ILNews

Lawmakers criticize traffic court fines

Back to TopE-mailPrintBookmark and Share

A legislative committee this week unanimously approved a bill that would cap the fines a court could assess for traffic violations. In doing so, several lawmakers expressed outrage and urged the Indiana Supreme Court to investigate fining practices of a Marion County traffic court judge that have led to a federal lawsuit.

But an even broader issue raised by Senate Bill 399 is how the state's trial courts are funded, a topic that ties two other pieces of legislation to the same debate playing out before the Indiana General Assembly this session. Questions have arisen in various committee meetings about the practice of court judgments being directly tied to revenue brought in from infractions, and whether that interferes with the judiciary's role in providing litigants a fair day in court.

On one hand, SB 399 would apply to the roughly 130 Class C infractions statewide. Fines would be capped; however, the fines could be increased within the cap if a person challenged previous tickets unsuccessfully. During the House Courts and Criminal Code Committee meeting Wednesday, members expressed their concern about the policy in Marion Superior Judge William E. Young's courtroom. Committee chair Matt Pierce, D-Indianapolis, said he would write a letter to Chief Justice Randall T. Shepard asking for an investigation.

This legislation came from Sen. Mike Young, R-Indianapolis, who filed it specifically on the heels of a December class-action lawsuit challenging the fines being imposed by Judge Young, who's presided over the county's traffic court in Marion Criminal 13 since January 2009. Plaintiffs allege they were penalized for simply taking their cases before the judge, with total costs running more than three times what it would have cost them to accept and pay the citation. The case is Toshiano Ishii, Matthew Stone, and Adam Lenkowsky v. Marion County Superior Court No. 13, The Hon. William E. Young, and the City of Indianapolis, No. 1:09-CV-1509.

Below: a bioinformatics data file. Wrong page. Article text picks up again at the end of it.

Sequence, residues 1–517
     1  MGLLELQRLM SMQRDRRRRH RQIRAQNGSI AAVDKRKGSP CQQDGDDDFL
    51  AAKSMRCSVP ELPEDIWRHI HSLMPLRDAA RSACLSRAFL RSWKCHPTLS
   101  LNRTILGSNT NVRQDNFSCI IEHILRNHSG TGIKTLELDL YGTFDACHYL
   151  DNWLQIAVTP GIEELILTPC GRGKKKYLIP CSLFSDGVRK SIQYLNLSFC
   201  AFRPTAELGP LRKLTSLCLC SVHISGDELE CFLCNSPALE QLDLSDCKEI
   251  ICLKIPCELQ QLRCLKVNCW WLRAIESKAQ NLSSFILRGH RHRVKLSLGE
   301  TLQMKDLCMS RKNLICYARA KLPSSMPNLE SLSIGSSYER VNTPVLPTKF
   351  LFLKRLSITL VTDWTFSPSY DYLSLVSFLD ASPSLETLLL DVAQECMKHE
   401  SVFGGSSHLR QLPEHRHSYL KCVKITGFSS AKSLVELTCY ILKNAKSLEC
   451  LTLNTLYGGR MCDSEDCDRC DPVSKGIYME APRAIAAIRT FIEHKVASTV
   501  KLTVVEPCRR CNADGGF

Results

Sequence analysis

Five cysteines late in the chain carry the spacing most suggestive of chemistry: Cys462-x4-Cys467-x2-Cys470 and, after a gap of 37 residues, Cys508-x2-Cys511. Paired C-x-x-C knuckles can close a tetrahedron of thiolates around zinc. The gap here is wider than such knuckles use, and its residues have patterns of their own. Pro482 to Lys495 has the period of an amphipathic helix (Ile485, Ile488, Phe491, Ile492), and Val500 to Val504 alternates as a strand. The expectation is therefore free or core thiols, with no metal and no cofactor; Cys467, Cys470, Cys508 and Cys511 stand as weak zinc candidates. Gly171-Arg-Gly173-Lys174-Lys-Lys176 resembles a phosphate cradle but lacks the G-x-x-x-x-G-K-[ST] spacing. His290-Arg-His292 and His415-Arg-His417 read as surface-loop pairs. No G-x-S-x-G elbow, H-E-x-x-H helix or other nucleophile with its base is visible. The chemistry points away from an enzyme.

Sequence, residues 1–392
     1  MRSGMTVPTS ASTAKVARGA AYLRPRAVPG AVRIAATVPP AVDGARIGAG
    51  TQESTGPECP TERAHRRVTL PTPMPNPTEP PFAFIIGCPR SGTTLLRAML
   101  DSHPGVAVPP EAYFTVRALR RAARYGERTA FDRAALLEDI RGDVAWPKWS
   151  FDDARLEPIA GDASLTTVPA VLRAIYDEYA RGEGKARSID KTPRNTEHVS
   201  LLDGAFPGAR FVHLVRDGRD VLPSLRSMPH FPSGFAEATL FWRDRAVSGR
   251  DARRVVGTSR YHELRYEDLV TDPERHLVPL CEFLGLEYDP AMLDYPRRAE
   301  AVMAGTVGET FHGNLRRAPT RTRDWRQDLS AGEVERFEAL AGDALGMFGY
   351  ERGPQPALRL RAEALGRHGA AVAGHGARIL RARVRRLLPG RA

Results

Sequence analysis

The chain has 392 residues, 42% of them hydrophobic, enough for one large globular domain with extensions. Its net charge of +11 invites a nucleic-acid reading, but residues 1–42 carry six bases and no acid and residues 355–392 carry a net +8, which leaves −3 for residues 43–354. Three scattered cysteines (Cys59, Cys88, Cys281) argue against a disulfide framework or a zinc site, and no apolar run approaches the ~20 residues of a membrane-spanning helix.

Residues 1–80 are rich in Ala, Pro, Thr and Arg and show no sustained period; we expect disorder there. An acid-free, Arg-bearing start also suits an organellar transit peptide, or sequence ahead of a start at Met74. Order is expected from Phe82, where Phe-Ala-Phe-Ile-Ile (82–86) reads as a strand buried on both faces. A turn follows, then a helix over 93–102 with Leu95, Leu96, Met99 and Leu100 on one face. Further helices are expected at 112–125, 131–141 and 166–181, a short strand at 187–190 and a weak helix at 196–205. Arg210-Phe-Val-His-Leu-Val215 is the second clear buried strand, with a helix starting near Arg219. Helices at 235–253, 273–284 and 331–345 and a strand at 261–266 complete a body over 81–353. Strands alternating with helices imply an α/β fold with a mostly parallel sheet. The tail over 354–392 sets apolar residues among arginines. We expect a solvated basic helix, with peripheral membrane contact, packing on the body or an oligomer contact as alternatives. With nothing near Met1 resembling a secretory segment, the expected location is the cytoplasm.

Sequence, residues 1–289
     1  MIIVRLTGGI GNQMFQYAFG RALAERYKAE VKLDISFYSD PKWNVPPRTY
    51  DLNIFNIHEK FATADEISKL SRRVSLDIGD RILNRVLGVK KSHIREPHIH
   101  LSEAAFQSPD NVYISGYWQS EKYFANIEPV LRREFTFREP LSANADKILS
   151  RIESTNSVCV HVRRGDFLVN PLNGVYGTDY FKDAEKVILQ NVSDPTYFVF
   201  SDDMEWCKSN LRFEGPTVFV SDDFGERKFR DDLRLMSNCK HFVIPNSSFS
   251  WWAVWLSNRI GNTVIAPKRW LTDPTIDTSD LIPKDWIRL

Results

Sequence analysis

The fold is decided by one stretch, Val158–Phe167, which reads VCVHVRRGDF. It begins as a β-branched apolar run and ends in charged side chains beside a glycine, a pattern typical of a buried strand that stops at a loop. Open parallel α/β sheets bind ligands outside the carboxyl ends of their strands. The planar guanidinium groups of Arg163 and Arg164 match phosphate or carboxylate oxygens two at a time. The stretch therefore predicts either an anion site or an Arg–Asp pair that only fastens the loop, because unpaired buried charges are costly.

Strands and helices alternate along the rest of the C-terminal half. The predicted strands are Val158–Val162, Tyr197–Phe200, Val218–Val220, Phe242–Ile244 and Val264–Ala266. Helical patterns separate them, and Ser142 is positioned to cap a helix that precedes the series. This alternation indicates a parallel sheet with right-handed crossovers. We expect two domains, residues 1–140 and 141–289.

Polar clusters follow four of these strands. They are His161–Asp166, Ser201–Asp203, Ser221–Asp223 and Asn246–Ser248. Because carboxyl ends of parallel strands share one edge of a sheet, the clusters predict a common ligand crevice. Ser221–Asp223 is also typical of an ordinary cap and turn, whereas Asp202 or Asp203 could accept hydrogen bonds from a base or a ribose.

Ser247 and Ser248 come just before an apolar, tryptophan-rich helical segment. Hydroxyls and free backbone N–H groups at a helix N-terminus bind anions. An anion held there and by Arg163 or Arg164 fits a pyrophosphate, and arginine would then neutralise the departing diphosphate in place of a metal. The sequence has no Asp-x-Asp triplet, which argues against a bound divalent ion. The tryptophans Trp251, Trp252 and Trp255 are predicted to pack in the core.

Indianapolis attorney Paul Ogden, the attorney in the federal case, attended the hearing and said he was impressed at the legislators' reactions to what was happening in the traffic court. "They were very angry and upset about what's going on," he said. "We expect this to pass the House ... the only possible hitch might be if the House decides it does have a fiscal impact and sends it back to the Ways and Means Committee after the deadline has passed. That could mistakenly kill the bill."

While Young's bill involving the traffic court weaves through the process, lawmakers are also considering two other bills that tie into that issue - HB 1154 that would impose a minimum $35 fee on traffic infractions to pay for the conversion of Marion County commissioners to magistrates; and SB 307 that would allow a $50 fee on Bartholomew County traffic infractions to pay for a new Superior Court there.

The Senate Appropriations Committee today passed the magistrates bill, while the House Judiciary earlier in the week unanimously approved the Bartholomew County bill and forwarded it to the full House for consideration.

ADVERTISEMENT

Sponsored by
ADVERTISEMENT
Subscribe to Indiana Lawyer
  1. I will continue to pray that God keeps giving you the strength and courage to keep fighting for what is right and just so you are aware, you are an inspiration to those that are feeling weak and helpless as they are trying to figure out why evil keeps winning. God Bless.....